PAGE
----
How to Make Record Bowls

Below are links to different tutorials I found online for how to make record bowls. I think it's good to look over a few of these tutorials, and see the slight variations in the instructions to get a better idea of how it's done and what might work best for you. For example, some people like to shape their records on the outside of bowl. While others like to take a record that has been softened by the heat and place it inside of a bowl to help form it's shape.

Record Bowl Auctions Online

If you don't want to make record bowls yourself and you just want to buy one (or more) sometimes people offer some for sale on eBay. So I'm creating this resource below that should show if there are currently any record bowls available on eBay. Another good place for record bowls is etsy.com.

How To Make A Record Bowl Video

An entertaining and humorous video tutorial for how to make a record bowl.

Record Bowls at Amazon

To my surprise, record bowls can be found on Amazon.com. These bowls tend to be of a variety that is more complicated to make. Instead of the "ruffled" appearance that many homemade record bowls have, these tend to be more smooth or ribbed versions. Many also have the original label given a protective seal. And there are some "cool" bands on many of the labels. These things make so they may cost a tad more, but will be worth it to those who appreciate the art of these objects.

Making a Record Bowl with Hot Water

This video shows someone making a record bowl using a bucket, some gloves and hot water. (And apparently doing this got them into hot water, because the video got a lot of dislikes from people complaining that it was a waste to ruin records this way. I however think it's cool. But as I stated earlier, choose records that few people would want for your craft projects.)

What do you think of turning records into bowls?

Do you think turning old records into something else is a good idea or bad?

I think it's a great idea!

I think it's a great idea!

Submit a Comment

  • Brandi 5 years ago from Maryland

    These are super cool! I just figured out what to give some of the men on my list for Christmas this year! :)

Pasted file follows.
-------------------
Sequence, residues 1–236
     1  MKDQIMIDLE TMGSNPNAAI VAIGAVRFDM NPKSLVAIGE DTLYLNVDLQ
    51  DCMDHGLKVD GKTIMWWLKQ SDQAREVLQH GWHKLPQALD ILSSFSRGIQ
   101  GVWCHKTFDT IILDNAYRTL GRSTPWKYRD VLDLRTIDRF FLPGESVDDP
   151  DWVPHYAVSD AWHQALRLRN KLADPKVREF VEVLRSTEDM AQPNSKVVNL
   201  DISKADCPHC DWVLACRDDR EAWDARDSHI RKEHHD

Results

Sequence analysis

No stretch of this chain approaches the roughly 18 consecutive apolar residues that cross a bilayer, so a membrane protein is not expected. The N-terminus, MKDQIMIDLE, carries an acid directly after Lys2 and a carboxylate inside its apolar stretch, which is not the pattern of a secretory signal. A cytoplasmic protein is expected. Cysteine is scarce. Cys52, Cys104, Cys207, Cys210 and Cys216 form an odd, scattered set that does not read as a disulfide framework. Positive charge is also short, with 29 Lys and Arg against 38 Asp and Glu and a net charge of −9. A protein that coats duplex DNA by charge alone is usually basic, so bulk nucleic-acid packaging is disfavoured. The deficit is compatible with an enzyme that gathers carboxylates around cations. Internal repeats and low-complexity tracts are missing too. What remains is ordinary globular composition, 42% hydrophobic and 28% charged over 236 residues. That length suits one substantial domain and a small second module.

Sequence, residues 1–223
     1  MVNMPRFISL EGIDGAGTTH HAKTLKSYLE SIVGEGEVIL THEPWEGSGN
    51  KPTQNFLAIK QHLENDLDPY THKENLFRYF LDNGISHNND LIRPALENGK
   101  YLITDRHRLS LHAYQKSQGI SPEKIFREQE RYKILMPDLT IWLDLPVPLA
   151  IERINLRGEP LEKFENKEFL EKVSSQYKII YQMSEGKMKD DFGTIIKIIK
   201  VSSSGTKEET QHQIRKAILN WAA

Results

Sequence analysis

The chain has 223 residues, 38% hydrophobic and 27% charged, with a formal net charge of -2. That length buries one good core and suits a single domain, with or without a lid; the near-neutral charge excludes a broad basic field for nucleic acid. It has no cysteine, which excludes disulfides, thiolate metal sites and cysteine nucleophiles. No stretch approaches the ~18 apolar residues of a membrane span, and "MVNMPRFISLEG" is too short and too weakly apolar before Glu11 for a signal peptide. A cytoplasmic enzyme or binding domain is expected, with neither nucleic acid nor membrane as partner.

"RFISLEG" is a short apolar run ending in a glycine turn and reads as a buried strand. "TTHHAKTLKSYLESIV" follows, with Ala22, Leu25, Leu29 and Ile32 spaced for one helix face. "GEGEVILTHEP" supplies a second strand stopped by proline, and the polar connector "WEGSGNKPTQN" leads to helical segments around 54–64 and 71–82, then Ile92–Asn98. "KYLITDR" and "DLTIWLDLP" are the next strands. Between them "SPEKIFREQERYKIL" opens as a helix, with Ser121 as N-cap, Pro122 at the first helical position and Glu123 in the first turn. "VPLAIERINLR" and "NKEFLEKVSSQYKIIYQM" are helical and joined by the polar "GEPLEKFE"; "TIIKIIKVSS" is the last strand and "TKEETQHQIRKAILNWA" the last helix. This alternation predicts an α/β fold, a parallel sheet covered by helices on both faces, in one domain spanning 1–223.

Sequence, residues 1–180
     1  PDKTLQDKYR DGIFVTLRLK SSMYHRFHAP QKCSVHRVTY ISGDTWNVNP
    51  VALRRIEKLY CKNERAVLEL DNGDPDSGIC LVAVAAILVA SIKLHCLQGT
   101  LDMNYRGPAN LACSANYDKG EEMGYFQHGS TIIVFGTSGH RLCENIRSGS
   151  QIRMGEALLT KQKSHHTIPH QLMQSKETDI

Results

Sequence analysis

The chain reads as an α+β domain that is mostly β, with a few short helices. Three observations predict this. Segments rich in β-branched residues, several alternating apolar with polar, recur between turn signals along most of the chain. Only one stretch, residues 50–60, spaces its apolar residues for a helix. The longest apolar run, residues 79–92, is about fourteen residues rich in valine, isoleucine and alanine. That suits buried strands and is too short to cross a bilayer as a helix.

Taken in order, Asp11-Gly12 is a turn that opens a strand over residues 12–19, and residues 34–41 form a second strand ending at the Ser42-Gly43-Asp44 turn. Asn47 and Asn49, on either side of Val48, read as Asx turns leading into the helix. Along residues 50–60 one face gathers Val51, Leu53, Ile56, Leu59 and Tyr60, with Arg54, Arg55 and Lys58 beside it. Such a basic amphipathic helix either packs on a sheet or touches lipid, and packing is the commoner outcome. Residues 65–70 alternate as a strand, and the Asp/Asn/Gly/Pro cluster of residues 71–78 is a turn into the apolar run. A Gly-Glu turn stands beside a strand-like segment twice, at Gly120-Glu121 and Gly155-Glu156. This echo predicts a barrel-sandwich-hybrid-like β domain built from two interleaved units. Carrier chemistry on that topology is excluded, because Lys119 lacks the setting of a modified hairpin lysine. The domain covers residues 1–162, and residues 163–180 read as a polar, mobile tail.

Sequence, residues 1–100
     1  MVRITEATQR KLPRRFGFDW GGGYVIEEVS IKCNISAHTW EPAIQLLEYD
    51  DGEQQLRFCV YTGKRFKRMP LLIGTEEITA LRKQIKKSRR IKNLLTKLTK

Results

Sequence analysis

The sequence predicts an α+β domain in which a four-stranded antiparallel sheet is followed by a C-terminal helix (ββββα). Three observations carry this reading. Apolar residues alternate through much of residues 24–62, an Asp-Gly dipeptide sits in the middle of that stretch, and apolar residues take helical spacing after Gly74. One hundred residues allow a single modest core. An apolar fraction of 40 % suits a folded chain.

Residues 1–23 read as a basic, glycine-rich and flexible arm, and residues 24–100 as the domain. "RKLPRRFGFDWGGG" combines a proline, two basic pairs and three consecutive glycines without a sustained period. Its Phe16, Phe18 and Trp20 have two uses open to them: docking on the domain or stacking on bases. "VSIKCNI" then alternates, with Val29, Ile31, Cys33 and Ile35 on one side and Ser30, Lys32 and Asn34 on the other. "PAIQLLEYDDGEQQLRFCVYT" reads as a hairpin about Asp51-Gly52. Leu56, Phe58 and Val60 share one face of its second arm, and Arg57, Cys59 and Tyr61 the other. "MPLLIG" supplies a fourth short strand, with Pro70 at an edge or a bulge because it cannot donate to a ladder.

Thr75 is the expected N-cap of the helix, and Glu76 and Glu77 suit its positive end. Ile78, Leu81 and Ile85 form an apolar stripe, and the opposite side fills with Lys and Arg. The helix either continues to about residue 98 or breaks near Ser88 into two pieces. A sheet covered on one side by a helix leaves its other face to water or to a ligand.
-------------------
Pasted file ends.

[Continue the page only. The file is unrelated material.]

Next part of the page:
• Carolan Ross 5 years ago from St. Louis, MO

    a brilliantly creative idea!

  • Pam Irie 5 years ago from Land of Aloha

    I love making record bowls. I do check the labels first though. :)

It's blasphemy to wreck vinyl records like this!

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    • Jacobb9205 profile image

      Jacob Barnard 2 years ago from Gloucestershire

      Wow that is an amazing and unique way to reuse old records!

    • profile image

      KingGogz 4 years ago

      Brilliant Lens ! This is such a good idea, doing something like this with old records would have never entered my mind. Thanks !

      King Gogz

    • Nanciajohnson profile image

      Nancy Johnson 5 years ago from Mesa, Arizona

      These make great bowls for a themed party such as a "Sock Hop", Disco Party, or 50's 60's Dance Party. I am thinking of trying a 45 size vinyl record since I have a box of them that were donated to me at work. Great lens.

    • Gigglish profile image
      Author

      Gigglish 5 years ago

      @CrossCreations: I think you are right that most records aren't considered valuable by collectors. I do have an acquaintance that was telling me one day about some of the collectible records he owned that were worth Quite A Lot...so I can't help but keep it in mind that some are worth some money. :)

    • CrossCreations profile image

      Carolan Ross 5 years ago from St. Louis, MO

      Well of course this would not be a good idea for a record of value, but you know very few of them DO have value. I had a huge LP collection appraised when I moved recently and the appraiser didn't want ANY of them - mostly old Big Band collections that were my dad's pride and joy. Sad... and yet upcycling them this way is brilliant.

    • Linda Pogue profile image

      Linda Pogue 5 years ago from Missouri

      If the record has no value, this is a great way to give it new life. Blessings!

    • Virginia Allain profile image

      Virginia Allain 5 years ago from Central Florida

      I remember seeing some of these, back in the 60s maybe. You are right that it's a good idea to check the value of your record to see if you can make big bucks from it on ebay.